Most of the people imagine for themselves sins they desire and divine goodness they like, and live with a lukewarm that make God vomit him out of His mouth. The warmth of God in us fatigued. We desire instead, this rottenness hidden inside our hearts; it distracts us away from this attraction to God because this attraction is a fiery desert. We know that in the beauty of God there is magic, we know in deep, that He is the salvation and peace. But the way to the last clearance is full of laceration. Abandon of all earthly care. Abandon for the eye, ear, touch, every evil word, every whisper of lust, every glory, every pride and any slavery we invented in order to nest in it and feel its warm.
For God to become your everything and for everything else to become nothing: no body, no mind and no education; this means that all these things had died or you have died. To be divine doesn't mean that you abolished your body, mind or education but that you accepted your God to be manipulating all these things in such a manner that your movement duality—movement to God and movement to what you have in the world—will be abolished. The world then, will be in God.
Remains the call of Christ: "be perfect, just as your Father in heaven is perfect"; is the last position and sole horizon that attracts us. This means that the human being in his present ache must long to every word that God said. Still perfection is impossible; meanwhile we still with this body. Careful not to desire what is less then the perfection because this means "the good of this and the evil of that." The biggest evil is when man accepts that it is good for him to balance sin with righteousness. Our target is to abolish the sin within us. A target we must work for with all our power. He who does not work for this target had blasphemed in the grace of God and His power in changing peoples. We must love living in love. No escape from this bitter reality which says that we will fall. But this reality doesn't forbid hope in terms that we must hope to get up every day. Perfection is not attained but its something we want every day in our fight against the desire. Perfection—as described by St. Gregory the theologian—is to aim for perfection. We aim through tears and in front of us stands the horizon of victory.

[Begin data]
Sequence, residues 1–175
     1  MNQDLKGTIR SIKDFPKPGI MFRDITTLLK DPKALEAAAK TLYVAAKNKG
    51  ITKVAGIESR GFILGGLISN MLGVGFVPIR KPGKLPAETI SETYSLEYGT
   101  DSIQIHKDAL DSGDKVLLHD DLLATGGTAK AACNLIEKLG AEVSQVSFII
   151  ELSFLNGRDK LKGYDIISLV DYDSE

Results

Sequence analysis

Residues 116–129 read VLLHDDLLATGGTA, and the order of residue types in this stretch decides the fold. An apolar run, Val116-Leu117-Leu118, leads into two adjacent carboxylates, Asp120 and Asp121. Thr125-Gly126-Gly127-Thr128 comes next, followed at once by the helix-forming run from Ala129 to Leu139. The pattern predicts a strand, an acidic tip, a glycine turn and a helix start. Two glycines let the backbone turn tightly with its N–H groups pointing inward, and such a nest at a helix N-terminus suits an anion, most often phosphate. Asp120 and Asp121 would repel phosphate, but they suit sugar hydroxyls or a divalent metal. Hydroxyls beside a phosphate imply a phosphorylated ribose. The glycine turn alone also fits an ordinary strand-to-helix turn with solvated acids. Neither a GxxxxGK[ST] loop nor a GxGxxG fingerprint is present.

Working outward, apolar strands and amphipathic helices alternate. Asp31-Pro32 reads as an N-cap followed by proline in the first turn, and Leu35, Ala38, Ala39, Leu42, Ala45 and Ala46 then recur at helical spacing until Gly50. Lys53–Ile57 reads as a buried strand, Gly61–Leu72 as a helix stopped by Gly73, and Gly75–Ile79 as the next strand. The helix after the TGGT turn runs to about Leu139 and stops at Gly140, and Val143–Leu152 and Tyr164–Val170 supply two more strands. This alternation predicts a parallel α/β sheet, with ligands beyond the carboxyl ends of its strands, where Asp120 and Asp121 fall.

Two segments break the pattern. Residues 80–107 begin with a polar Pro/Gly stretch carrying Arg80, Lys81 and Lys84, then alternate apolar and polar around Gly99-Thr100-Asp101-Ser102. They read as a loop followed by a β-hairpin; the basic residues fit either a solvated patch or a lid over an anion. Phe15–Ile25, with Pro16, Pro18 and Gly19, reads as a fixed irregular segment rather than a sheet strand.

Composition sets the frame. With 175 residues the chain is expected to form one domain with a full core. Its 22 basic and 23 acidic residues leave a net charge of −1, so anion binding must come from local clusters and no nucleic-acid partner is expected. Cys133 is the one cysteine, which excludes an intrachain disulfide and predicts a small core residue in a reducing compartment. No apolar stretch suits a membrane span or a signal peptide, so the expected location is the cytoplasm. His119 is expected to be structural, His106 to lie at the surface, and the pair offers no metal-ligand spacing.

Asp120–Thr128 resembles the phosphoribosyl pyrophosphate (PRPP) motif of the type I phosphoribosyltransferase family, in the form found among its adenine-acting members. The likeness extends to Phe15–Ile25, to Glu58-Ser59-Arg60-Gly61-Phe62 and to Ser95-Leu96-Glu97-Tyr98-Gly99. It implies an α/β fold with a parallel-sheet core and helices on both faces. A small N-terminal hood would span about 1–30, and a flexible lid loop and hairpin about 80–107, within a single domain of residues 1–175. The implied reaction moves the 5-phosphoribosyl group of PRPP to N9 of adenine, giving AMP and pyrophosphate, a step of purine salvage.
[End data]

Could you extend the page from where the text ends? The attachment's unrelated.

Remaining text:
We now are a mixture of soul and dust. When will the dust disappear?

Published September 30, 1995 in the © An-Nahar, Lebanese news paper. Translated from original Arabic.